Set in 1939 rural Oklahoma, a lonely, eccentric man pursues the mystery of a murder as a way to atone for his own troubled past. Will a lost love prevent him from leading a simple, ascetic life?
A man road his horse toward town, skirting the edge of the woods, only taking the road to cross a wide, lazy green river. Then it was back to the woods with him. While on the road he had been passed by a Model A packed full of stiff-clothed church-goers. The men wore black, the women long plain dresses. They clutched their hats to their heads. He hung back until the dust cleared. He remembered it was Sunday, but for the longest time days had meant nothing to him. He lived in a kind of grey cloud of a wife dead and his children now adults and fled, and him alone in the house. He noted the seasons, but not the days. He nursed his crop from shoots to market every year, but this year he had hardly bothered. He would sell his farm to the man who'd always wanted it. He wouldn't even pinch him on the price. He had one chore in town to complete and then he would be gone forever.
The man was named John Parker but was locally appellated "Park."
Park was a tall, lean man of 45, but he looked older. He was tanned. He had short hair curly hair that was once yellow but was sun-blanched to a yellow-white. He was not your typical farmer. He wore an old suit vest and a sweat-stained fedora while out in the fields. And his blue eyes were the color of ice. Instead of bright they were most often flat and weathered, though he could force them into a fa?ade of interest if his company required it.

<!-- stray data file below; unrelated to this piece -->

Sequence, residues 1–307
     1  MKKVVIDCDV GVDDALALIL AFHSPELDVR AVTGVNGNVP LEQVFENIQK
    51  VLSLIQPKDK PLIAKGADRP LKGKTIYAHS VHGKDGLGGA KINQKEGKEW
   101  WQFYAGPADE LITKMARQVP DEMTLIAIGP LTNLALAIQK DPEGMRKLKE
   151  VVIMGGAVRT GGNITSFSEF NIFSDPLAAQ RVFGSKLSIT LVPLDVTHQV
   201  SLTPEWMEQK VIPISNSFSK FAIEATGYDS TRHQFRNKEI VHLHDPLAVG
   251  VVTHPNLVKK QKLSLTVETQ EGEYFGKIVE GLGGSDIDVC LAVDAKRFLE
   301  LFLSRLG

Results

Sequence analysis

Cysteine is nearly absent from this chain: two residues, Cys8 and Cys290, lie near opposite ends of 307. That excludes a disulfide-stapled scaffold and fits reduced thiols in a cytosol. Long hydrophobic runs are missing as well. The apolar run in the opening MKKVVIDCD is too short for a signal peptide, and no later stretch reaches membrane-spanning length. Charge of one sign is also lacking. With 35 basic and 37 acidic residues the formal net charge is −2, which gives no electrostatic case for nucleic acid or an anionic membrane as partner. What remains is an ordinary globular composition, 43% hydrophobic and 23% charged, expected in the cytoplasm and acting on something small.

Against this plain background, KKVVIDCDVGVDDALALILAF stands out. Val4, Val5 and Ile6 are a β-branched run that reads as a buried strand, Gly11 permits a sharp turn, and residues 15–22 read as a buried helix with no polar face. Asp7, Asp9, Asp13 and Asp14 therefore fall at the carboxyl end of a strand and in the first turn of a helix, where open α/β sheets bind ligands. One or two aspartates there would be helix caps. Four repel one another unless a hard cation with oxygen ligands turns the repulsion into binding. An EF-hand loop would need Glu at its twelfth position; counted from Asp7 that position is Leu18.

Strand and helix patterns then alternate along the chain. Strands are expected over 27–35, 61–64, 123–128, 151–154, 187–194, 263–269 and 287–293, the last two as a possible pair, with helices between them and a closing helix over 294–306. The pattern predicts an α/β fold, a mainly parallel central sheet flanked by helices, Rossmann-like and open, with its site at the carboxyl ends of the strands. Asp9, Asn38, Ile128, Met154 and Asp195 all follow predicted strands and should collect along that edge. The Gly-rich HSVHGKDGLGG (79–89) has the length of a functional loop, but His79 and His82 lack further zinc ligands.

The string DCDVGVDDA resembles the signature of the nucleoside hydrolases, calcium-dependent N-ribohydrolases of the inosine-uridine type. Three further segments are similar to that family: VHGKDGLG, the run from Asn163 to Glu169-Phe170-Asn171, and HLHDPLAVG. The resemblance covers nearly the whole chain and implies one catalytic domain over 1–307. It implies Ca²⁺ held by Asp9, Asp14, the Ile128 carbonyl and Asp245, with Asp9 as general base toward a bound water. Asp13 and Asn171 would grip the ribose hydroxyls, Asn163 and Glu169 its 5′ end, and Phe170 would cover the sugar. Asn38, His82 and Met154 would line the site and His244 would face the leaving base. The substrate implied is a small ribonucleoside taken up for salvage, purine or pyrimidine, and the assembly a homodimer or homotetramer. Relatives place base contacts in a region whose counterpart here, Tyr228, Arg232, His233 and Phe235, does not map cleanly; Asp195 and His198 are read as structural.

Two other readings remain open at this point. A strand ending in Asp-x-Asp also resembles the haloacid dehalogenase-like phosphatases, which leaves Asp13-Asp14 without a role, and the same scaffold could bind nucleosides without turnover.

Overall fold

He was riding into the small Oklahoma town of his residence, Titus. There was a new town and an old town. The old town had been located on the banks of the river and now rested in partial decay like a leaf in the mud; the new town sat three miles to the east, along the state road and the railroad. The old town's scant business district sat abandoned among reclaiming vegetation, but some outlying residences here and there along narrow dirt streets remained stubbornly occupied, with their occupants taking their trucks into town once a week for supplies, and in between waiting on the gasoline truck to fuel their generators.
The new town of Titus remained clean three decades after its birth. It benefited from the railroad and the state highway. A grain elevator rose above all other structures, and the depot resided along the town's main street in the shadow of square brick buildings. You could throw a stone from it and hit the department store, the bank, the post office, the county courthouse, and the city hall. Its main trade still came from local farmers, although every so often wildcatters would come through town and convince a farmer to let them sink holes, hoping for the next Wild Mary Sudick. It was everyone's dream to get oil rich. The man he was selling the farm to was convinced it sat atop black gold. Take his money, Park thought, and let him think that.
Park's horse was dappled and walked slowly. It was evening and the man knew that he would spend the night at the house of a friend. He had thought of camping out, but damned if he'd camp out ever again - he had done it on cattle drives in his youth and that was enough. To this day his back did not forgive the memory of stones under his bedroll. A man needs some comforts. His friend would ask about his business and he would divert him by talking about old times (they had been school friends), and he would make the man nod off with drink. He told himself it was just to have a roof. And if necessary, he would allow himself to be a little eccentric - unlike most of them, he had been to college, and though his friend had gone to college with him, he knew Park to be a bit off.